Revealed Preference

In Chapter 6 we saw how we can use information about the consumer's preferences and budget constraint to determine his or her demand. In this chapter we reverse this process and show how we can use information about the consumer's demand to discover information about his or her preferences. Up until now, we were thinking about what preferences could tell us about people's behavior. But in real life, preferences are not directly observable: we have to discover people's preferences from observing their behavior. In this chapter we'll develop some tools to do this.

When we talk of determining people's preferences from observing their behavior, we have to assume that the preferences will remain unchanged while we observe the behavior. Over very long time spans, this is not very reasonable. But for the monthly or quarterly time spans that economists usually deal with, it seems unlikely that a particular consumer's tastes would change radically. Thus we will adopt a maintained hypothesis that the consumer's preferences are stable over the time period for which we observe his or her choice behavior.

7.1 The Idea of Revealed Preference

Before we begin this investigation, let's adopt the convention that in this chapter, the underlying preferences—whatever they may be—are known to be strictly convex. Thus there will be a unique demanded bundle at each budget. This assumption is not necessary for the theory of revealed preference, but the exposition will be simpler with it.

Consider Figure 7.1, where we have depicted a consumer's demanded bundle, (ei,X2)> and another arbitrary bundle, (1/1,2/2)» that is beneath the consumer's budget line. Suppose that we are willing to postulate that this consumer is an optimizing consumer of the sort we have been studying. What can we say about the consumer's preferences between these two bundles of goods?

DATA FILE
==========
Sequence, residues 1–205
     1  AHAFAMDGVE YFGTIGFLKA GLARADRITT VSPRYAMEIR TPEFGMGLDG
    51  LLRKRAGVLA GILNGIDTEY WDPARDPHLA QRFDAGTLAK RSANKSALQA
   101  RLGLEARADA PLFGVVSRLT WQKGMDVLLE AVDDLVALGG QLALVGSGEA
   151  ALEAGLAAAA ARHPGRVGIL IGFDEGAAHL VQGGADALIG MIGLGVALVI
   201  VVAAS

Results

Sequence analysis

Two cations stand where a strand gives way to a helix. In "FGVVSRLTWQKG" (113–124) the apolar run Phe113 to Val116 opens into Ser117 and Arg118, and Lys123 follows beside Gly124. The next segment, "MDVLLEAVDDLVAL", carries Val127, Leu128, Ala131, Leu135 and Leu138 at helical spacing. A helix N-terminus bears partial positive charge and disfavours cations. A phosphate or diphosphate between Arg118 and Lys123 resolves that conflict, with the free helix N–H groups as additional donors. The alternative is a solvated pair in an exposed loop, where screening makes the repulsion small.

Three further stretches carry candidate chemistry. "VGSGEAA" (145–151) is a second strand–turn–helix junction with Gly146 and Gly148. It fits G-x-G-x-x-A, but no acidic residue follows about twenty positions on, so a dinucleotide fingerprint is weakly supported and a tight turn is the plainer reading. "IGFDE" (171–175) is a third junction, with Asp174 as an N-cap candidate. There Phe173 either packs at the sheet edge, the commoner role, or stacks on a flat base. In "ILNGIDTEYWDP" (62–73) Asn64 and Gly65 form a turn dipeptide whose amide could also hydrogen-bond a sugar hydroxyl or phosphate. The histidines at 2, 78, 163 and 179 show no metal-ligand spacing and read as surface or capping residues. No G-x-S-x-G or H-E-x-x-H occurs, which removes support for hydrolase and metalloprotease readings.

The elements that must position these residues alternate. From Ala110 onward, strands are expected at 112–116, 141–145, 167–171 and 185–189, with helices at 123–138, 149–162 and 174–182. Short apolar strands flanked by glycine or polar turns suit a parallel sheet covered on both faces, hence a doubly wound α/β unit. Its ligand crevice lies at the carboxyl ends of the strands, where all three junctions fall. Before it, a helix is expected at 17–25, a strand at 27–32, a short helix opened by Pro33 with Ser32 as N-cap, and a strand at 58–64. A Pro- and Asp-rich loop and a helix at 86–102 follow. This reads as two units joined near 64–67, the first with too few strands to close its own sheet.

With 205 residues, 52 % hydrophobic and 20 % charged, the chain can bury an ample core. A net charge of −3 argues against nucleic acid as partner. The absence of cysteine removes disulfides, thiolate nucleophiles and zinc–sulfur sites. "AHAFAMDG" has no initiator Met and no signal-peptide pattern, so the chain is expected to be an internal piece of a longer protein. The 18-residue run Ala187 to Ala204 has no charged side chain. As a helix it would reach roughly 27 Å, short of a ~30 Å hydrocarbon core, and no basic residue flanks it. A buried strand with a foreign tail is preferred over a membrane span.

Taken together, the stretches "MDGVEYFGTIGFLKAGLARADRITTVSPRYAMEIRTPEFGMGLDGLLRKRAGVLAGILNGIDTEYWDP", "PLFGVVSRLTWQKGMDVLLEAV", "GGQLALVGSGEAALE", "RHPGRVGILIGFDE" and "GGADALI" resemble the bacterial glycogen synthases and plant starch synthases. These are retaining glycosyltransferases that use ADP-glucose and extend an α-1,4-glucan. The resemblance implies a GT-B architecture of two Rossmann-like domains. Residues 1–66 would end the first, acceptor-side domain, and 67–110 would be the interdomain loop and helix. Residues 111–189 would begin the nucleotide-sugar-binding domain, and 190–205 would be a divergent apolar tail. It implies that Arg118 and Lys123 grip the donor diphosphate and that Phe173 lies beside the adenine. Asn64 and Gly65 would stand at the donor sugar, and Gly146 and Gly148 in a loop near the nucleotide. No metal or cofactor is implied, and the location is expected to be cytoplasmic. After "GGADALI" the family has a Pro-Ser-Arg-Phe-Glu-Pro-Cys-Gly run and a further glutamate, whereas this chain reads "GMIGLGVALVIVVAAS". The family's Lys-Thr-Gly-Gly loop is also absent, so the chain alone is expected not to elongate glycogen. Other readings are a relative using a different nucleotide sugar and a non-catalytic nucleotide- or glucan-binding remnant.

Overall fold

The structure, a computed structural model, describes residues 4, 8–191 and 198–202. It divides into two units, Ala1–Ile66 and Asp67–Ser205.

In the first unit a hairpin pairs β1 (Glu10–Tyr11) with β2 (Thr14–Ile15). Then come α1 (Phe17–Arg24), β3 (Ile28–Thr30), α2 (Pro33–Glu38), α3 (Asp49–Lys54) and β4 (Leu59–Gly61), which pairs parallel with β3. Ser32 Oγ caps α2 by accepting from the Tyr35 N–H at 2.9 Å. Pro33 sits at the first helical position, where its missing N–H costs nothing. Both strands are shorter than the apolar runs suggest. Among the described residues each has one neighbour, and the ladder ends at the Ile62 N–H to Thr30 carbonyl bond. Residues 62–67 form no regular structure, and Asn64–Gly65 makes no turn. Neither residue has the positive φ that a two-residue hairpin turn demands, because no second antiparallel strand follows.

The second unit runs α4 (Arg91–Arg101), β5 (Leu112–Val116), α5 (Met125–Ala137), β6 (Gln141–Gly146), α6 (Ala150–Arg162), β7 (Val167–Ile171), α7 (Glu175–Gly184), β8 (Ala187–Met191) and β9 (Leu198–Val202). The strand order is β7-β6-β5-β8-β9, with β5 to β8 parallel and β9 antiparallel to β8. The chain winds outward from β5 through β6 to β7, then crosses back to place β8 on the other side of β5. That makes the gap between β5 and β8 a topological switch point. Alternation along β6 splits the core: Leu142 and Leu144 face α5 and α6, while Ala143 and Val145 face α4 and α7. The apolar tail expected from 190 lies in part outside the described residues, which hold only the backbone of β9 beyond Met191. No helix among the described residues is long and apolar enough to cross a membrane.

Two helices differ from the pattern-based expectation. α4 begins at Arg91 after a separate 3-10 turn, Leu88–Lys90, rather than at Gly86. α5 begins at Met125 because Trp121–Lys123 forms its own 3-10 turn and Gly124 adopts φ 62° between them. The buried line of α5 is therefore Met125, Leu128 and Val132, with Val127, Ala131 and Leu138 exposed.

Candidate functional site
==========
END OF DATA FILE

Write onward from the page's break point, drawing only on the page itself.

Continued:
Revealed preference. The bundle {x\, £2) that the consumer chooses is revealed preferred to the bundle , j/2), a bundle that he could have chosen.

Well, the bundle (3/1,2/2) is certainly an affordable purchase at the given budget—the consumer could have bought it if he or she wanted to, and would even have had money left over. Since (#1, £2) the optimal bundle, it must be better than anything else that the consumer could afford. Hence, in particular it must be better than (2/1,2/2)-

The same argument holds for any bundle on or underneath the budget line other than the demanded bundle. Since it could have been bought at the given budget but wasn't, then what was bought must be better. Here is where we use the assumption that there is a unique demanded bundle for each budget. If preferences are not strictly convex, so that indifference curves have flat spots, it may be that some bundles that are on the budget line might be just as good as the demanded bundle. This complication can be handled without too much difficulty, but it is easier to just assume it away.

In Figure 7.1 all of the bundles in the shaded area underneath the budget line are revealed worse than the demanded bundle (xi, X2). This is because they could have been chosen, but were rejected in favor of (xi, #2). We will now translate this geometric discussion of revealed preference into algebra.

Let x2) be the bundle purchased at prices {pi,p2) when the consumer has income m. What does it mean to say that (2/1,2/2) is affordable at those prices and income? It simply means that (2/1, y2) satisfies the budget constraint

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